Navigating Health Sources on the Internet: A Mixed-Methods Examination of Online Consumer Reviews and Expert Text on Psychotropic Drugsedit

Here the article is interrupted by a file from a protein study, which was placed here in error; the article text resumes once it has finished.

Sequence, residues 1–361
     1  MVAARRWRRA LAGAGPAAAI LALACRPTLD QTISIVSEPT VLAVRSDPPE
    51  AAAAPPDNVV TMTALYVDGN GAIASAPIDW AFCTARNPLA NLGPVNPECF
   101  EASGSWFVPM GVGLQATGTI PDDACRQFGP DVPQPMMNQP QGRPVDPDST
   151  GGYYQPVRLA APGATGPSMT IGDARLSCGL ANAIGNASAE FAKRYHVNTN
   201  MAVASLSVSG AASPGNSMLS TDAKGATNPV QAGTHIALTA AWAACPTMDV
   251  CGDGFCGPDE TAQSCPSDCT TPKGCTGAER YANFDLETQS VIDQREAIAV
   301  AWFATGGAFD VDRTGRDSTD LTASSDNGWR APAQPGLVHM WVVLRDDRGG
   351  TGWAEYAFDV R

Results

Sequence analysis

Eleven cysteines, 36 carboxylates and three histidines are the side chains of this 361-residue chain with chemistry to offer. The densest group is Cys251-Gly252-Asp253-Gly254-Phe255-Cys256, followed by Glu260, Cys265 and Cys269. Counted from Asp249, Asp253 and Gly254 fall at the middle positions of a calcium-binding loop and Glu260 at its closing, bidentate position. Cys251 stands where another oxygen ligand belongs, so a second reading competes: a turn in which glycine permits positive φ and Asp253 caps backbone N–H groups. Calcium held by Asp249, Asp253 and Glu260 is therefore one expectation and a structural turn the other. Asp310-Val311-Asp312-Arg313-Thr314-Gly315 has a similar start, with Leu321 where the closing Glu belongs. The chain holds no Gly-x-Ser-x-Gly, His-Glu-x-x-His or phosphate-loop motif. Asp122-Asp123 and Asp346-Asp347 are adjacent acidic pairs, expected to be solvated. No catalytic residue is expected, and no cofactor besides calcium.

The Internet has provided an unprecedented opportunity for psychotropic medication consumers, a traditionally silenced group in clinical trial research, to have voice by contributing to the construction of drug knowledge in an immediate, direct manner. Currently, there are no systematic appraisals of the potential of online consumer drug reviews to contribute to drug knowledge. The purpose of this research was to explore the content of drug information on various websites representing themselves as consumer- and expert-constructed, and as a practical consideration, to examine how each source may help and hinder treatment decision-making. A mixed-methods research strategy utilizing a grounded theory approach was used to analyze drug information on 5 exemplar websites (3 consumer- and 2 expert-constructed) for 2 popularly prescribed psychotropic drugs (escitalopram and quetiapine). A stratified simple random sample was used to select 1,080 consumer reviews from the websites (N=7,114) through February 2009. Text was coded using QDA Miner 3.2 software by Provalis Research. A combination of frequency tables, descriptive excerpts from text, and chi-square tests for association were used throughout analyses. Findings: The most frequently mentioned effects by consumers taking either drug were related to psychological/behavioral symptoms and sleep. Consumers reported many of the same effects as found on expert health sites, but provided more descriptive language and situational examples. Expert labels of less serious on certain effects were not congruent with the sometimes tremendous burden described by consumers. Consumers mentioned more than double the themes mentioned in expert text, and demonstrated a diversity and range of discourses around those themes. Drug effects from each source were complete relative to the information provided in the other, but each also offered distinct advantages. Expert health sites provided concise summaries of medications’ effects, while consumer reviews had the added advantage of concrete descriptions and greater context. In short, consumer reviews better prepared potential consumers for what it’s like to take psychotropic drugs. Both sources of information benefit clinicians and consumers in making informed treatment-related decisions. Social work practitioners are encouraged to thoughtfully utilize online consumer drug reviews as a legitimate additional source for assisting clients in learning about treatment options.